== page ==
-bob

Hmm, my local DNS server and resolver on 11.1 works fine with zone files that were on 11.0.

My working configuration from 10.x doesn’t work with 11.1 though. Still appears to be something very buggy in the system.

I haven’t used 11.1 for dns, but SLES 10 works fine. Just use the yast>network services gui to set it up rather than mess with the .conf files.

On Wed February 4 2009 07:56 pm, bobinmurphy wrote:

>
> ken_yap;1937482 Wrote:
>> Hmm, my local DNS server and resolver on 11.1 works fine with zone files
>> that were on 11.0.
>
> My working configuration from 10.x doesn’t work with 11.1 though.
> Still appears to be something very buggy in the system.
>
>
bobinmurphy;

  1. Have you updated your dhcp server to give the correct DNS IP or made the
    changes to static entries for DNS on the clients?
  2. Have you tested with the firewall down? You may need to open the DNS
    ports.
  3. Is the “allow-query” entry of /etc/named.conf set properly for your
    network?

    P. V.
    “We’re all in this together, I’m pulling for you.” Red Green

On Wed February 4 2009 09:12 pm, PV wrote:

> On Wed February 4 2009 07:56 pm, bobinmurphy wrote:
>
>>
>> ken_yap;1937482 Wrote:
>>> Hmm, my local DNS server and resolver on 11.1 works fine with zone files
>>> that were on 11.0.
>>
>> My working configuration from 10.x doesn’t work with 11.1 though.
>> Still appears to be something very buggy in the system.
>>
>>
> bobinmurphy;
> 1. Have you updated your dhcp server to give the correct DNS IP or made the
> changes to static entries for DNS on the clients?
> 2. Have you tested with the firewall down? You may need to open the DNS
> ports.
> 3. Is the “allow-query” entry of /etc/named.conf set properly for your
> network?
Have you checked your conf file with “named-checkconf” and your zone files
with “named-checkzone <zonename> <filename>”. See the manual entry for the
syntax and options of these commands.

P. V.
“We’re all in this together, I’m pulling for you.” Red Green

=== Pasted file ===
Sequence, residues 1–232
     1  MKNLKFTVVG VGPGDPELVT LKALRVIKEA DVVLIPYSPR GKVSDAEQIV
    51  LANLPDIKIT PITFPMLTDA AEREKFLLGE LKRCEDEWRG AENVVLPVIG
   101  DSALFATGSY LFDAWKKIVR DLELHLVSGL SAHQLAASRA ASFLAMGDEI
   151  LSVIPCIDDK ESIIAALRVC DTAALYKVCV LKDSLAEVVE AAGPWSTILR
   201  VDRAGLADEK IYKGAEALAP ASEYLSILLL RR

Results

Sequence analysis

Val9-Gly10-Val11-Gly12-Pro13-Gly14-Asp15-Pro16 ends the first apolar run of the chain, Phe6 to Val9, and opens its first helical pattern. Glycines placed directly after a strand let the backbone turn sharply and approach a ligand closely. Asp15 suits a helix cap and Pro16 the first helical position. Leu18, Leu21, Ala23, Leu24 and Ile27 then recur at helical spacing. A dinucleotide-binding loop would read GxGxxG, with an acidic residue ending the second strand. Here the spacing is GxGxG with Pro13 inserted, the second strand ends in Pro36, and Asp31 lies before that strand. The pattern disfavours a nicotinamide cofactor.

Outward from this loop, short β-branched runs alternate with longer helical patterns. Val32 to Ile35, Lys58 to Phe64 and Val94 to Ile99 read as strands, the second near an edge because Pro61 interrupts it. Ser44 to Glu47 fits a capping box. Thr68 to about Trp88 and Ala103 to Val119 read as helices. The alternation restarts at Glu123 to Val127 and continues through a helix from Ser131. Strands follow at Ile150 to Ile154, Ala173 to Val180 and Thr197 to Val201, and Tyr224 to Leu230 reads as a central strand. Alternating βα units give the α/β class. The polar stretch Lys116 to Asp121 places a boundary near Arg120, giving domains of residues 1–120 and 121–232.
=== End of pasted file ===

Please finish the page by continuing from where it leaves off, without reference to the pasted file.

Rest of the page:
When setting up a new system I try to get DNS working before setting up the DHCP Server. This works in 10.x but not entirely in 11.x. I have tried it with DHCP set up and I get the same results. It appears to be passing incorrect information upstream for resolution. If I create a zone named “home.net” with systems “a” and “b” defined and query for “a” I get the expected “a.home.net”. If I query for something outside of my zone but known to exist in my ISPs zone, say “x” it passes a query for “x.home.net” upstream which obviously isn’t found. My /etc/resolv.conf has a search for both domains and lists the nameserver for both my domain and my ISPs. This all works on 10.3 (and FreeBSD) but not on 11.x.

You shouldn’t parallel name servers like that in /etc/resolv.conf. There is no guarantee of the order in which the requests are made or replies received. So some requests might be able to resolve your local zone, and some not. Instead you should get your local nameserver to forward requests for non-local zones.

Yeah, but since I don’t have a static IP from my ISP I’ve set the ethernet connected to my ISP to configure via DHCP. This causes the /sbin/dhclient-script to write my ISP’s domain and nameservers into /etc/resolv.conf. Short of modifying the system script I haven’t found the widget to control this, although I’d think it should be smart enough to not do this if there’s a local DNS server running. If I edit /etc/sysconfig/network/config to fix this, it ends up resetting the resolver to “bind” breaking my local DNS and in this mode all it writes to /etc/resolv.conf is the search domains, no nameservers. And for some odd reason it insists on including my ISP’s domain in the search line.

You can tell YaST not to take the resolver from the DHCP lease, then you can edit /etc/resolv.conf without fear of it being overwritten.

On Mon February 9 2009 09:16 pm, bobinmurphy wrote:

>
> ken_yap;1941714 Wrote:
>> You shouldn’t parallel name servers like that in /etc/resolv.conf. There
>> is no guarantee of the order in which the requests are made or replies
>> received. So some requests might be able to resolve your local zone, and
>> some not. Instead you should get your local nameserver to forward
>> requests for non-local zones.
>
> Yeah, but since I don’t have a static IP from my ISP I’ve set the
> ethernet connected to my ISP to configure via DHCP. This causes the
> /sbin/dhclient-script to write my ISP’s domain and nameservers into
> /etc/resolv.conf. Short of modifying the system script I haven’t found
> the widget to control this, although I’d think it should be smart enough
> to not do this if there’s a local DNS server running. If I edit
> /etc/sysconfig/network/config to fix this, it ends up resetting the
> resolver to “bind” breaking my local DNS and in this mode all it writes
> to /etc/resolv.conf is the search domains, no nameservers. And for some
> odd reason it insists on including my ISP’s domain in the search line.
>
>
bobinmurphy;

Why not just add a router to isolate your local lan from the ISP. Behind the
router, you can have a static IP for your DNS server and have it forward
requests to your ISP’s DNS. Simple routers are available for < $40 US.

P. V.
“We’re all in this together, I’m pulling for you.” Red Green

OK, where or how is this done? For the life of me I can’t find an option for this.